Only the best will do for Healy
Any other striker would still have been drooling over his goal, but not David Healy. Sure Healy was thrilled to score one of the best goals seen at Windsor Park in many a year to earn Northern Ireland a valuable point against Denmark.
He had just beaten Peter Schmeichel from nearly 30 yards out with a swerving shot which would have made Luis Figo proud.
But as he sat in the dressing room there was a nagging thought in the back of his head that he could have done better from another chance in the second half.
Healy's drive for perfection surprised boss Sammy McIlroy when he congratulated him on scoring what he described as one of the best goals he had seen.
"I said `what a strike son', but he just shrugged his shoulders and said he wished his touch had been better because he could have had a second when the ball was knocked over the top," said McIlroy.
"That's the type of boy he is."
Healy explained he just wants to do his best all the time.
"I'm not saying I should have scored, but I felt I should have made Schmeichel work," he said.
"But I'll settle for scoring one past him for now."
Healy's wonder-strike after 38 minutes of the World Cup qualifier took his tally for Northern Ireland to five in his first six games.
The 21-year-old was thrilled to beat Schmeichel for real after scoring past him in training at Manchester United.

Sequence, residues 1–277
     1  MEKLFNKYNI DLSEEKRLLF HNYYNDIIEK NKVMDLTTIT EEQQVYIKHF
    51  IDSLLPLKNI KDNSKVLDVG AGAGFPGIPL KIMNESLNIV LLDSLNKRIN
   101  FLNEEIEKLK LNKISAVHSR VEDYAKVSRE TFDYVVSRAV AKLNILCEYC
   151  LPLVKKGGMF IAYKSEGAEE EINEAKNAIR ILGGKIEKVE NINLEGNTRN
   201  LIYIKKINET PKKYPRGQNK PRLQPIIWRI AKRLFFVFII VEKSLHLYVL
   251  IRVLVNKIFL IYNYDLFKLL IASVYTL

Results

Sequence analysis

However, the Reds' reserve is not about to get carried away and he claims he needs to keep scoring if he is going to make a lasting impact on the international stage.
"Any goal against Schmeichel at any level is good and I'm absolutely delighted," he said.
"Without a doubt it's the best goal of my career.
"But I've got to keep my head. I can't let myself get big-headed.
"My record at the minute means nothing if in years to come it stays on five or six.
"People will look back and say fair enough he scored a couple of goals, but he wasn't capable of continuing to score at the highest level."
Healy's goal masked what was a laboured performance from the Irish and they could easily have lost but for some sloppy finishing by the Danes and great goalkeeping by Roy Carroll.
Denmark deservedly equalised on the hour when Dennis Rommedahl rounded Carroll to score from an acute angle, although McIlroy was adamant he was "at least three yards offside".
That said, McIlroy was delighted with the draw and the Irish have chalked up four points from their first two games, which is just one short of what they achieved during their entire Euro 2000 qualifying campaign.
They are third in Group Three, behind Denmark on goal difference, going into Wednesday's match against Iceland in Reykjavik.
McIlroy knows it will be a tough assignment and he does not need reminding that he was a member of the Irish team which lost 1-0 on their last visit in 1977 in a World Cup qualifier.
But with Healy in such potent form anything is possible.
Northern Ireland: Carroll, A. Hughes, Taggart, Murdock, Lomas, Elliott (Gray 84), Magilton, Lennon, J. Whitley (Mulryne 72), Horlock, Healy. Subs Not Used: Wright, McKnight, J. Quinn, M. Williams, McGibbon. Booked: Taggart. Goals: Healy 38.
Denmark: Schmeichel, Heintze, Gravesen, Henriksen, Helveg, B. Nielsen, Tofting, Tomasson, Gronkjaer (Bisgaard 64), Rommedahl, Sand (Jensen 82). Subs Not Used: Lustu, A. Nielsen, Michaelsen, Sorensen, Pedersen. Booked: Helveg. Goals: Rommedahl 60. Att: 11,823.
Referee: Vitor Pereira (Portugal).